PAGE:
Department of Mathematics and Statistics

Department of Mathematics and Statistics
Department of Mathematics and Statistics
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Number Theory - Arpita Kar (Queen's University)

Tuesday, August 14th, 2018

Time: 2:30-3:20p.m.  Place: Jeffery Hall 422

Speaker: Arpita Kar (Queen's University)


Abstract: In 1917, G.H Hardy and S. Ramanujan coined the phrase ``normal order" and proved that $\omega(n)$ has normal order $\log \log n$. (Here, $\omega(n)$ denotes the number of distinct prime factors of $n$.) In other words, they showed that $\omega(n) \approx \log \log n$ for all but $o(x)$ many integers $n \leq x$, as $x \to \infty$. In this talk, we will show that the size of this exceptional set is, in fact $O(\frac{x}{(\log x)^A)})$ for any $A>0$, improving upon the work of Hardy, Ramanujan and Tur\'an.

Dynamics, Geometry, & Groups - Derrick Wigglesworth (Fields Inst.)

Friday, August 10th, 2018

Time: 10:30 am Place: Jeffery Hall 422

Speaker: Derrick Wigglesworth (Fields Institute)

Title: Groups acting on trees

Abstract: I'll discuss several of the ways one can learn about groups via their actions on trees.  There will be many examples and pictures.  Then, we'll briefly discuss folding paths; a tool for understanding complicated actions. Finally, I'll mention some applications of folding paths.

Number Theory - Siddhi Pathak (Queen's University)

Wednesday, August 1st, 2018

Time: 2:30-3:20p.m.  Place: Jeffery Hall 422

Speaker: Siddhi Pathak (Queen's University)

Title: Adjoint of the Serre derivative, Poincaré series and special values of shifted Dirichlet series.

Abstract: The Serre derivative is a linear differential operator from the space of modular forms of weight k to the space of modular forms of weight k+2. In this talk, we compute the adjoint of the Serre derivative with respect to the Petersson inner product, as done by A. Kumar. Using this as a pretext, we will highlight the connection between the Serre derivative and special values of shifted Dirichlet series via the tool of Poincaré series.

Number Theory - Anup Dixit (Queen's University)

Tuesday, July 24th, 2018

Time: 2:30-3:20p.m.  Place: Jeffery Hall 422

Speaker: Anup Dixit (Queen's University)


Abstract: For a number field $K/ \mathbb{Q}$, the class number $h_K$ captures how far the ring of integers of $K$ is from being a PID. The study of class numbers is an important theme in number theory. In order to understand how the class number varies upon varying the number field, Siegel showed that the class number times the regulator tends to infinity in any family of quadratic number fields. Brauer extended this result to family of Galois extensions over $\mathbb{Q}$. This is the Brauer-Siegel theorem. Recently, Tsfasman and Vladut conjectured a Brauer-Siegel statement for an asymptotically exact family of number fields. In this talk, we prove the classical Brauer-Siegel and the generalized version in several unknown cases. We also discuss some effective versions of Brauer-Siegel in the classical setting.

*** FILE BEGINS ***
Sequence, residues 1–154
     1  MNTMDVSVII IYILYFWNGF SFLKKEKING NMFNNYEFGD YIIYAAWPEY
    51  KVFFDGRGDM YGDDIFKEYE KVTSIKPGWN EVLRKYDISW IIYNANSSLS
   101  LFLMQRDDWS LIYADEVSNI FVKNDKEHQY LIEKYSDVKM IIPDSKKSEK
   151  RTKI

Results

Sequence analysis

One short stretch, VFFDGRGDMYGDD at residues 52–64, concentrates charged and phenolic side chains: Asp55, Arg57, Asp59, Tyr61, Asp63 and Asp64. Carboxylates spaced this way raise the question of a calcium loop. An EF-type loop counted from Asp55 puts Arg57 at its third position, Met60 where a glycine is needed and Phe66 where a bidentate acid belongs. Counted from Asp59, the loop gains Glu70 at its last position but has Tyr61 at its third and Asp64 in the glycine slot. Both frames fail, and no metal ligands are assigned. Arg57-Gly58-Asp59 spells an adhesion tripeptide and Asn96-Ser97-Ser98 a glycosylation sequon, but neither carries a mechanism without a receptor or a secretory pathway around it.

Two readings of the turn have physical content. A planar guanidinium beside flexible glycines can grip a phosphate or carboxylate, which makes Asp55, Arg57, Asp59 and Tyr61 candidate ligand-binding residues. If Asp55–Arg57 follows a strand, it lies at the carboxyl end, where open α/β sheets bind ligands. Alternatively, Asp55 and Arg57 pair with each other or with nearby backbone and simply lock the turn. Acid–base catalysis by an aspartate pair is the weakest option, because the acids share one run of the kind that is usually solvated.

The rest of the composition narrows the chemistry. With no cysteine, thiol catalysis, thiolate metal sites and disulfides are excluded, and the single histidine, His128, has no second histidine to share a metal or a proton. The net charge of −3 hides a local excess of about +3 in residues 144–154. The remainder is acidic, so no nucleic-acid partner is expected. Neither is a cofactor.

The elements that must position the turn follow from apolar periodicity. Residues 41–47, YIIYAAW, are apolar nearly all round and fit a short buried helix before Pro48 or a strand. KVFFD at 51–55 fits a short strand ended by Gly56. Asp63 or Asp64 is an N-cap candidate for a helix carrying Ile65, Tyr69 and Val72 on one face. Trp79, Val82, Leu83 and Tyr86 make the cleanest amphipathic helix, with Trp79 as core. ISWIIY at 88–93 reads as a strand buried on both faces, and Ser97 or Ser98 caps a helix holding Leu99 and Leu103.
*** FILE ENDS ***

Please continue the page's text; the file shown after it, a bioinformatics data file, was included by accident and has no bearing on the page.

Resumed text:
Number Theory - Kalyan Chakraborty (Harish-Chandra Research Institute)

Wednesday, July 18th, 2018

Time: 2:30-3:20p.m.  Place: Jeffery Hall 422

Speaker: Kalyan Chakraborty (Harish-Chandra Research Institute, Allahabad, India)


Abstract: Class number of a number field and in particular that of a quadratic number field, is one of the fundamental and mysterious objects in algebraic number theory and related topics. I will discuss some results concerning the divisibility of the class numbers of certain families of real (respectively, imaginary) quadratic fields in both qualitative and quantitative aspects. I will also look at the 3-rank of the ideal class groups of certain imaginary quadratic fields. The talk will be based on some recent works done along with my collaborators.

Number Theory - M. Ram Murty (Queen's University)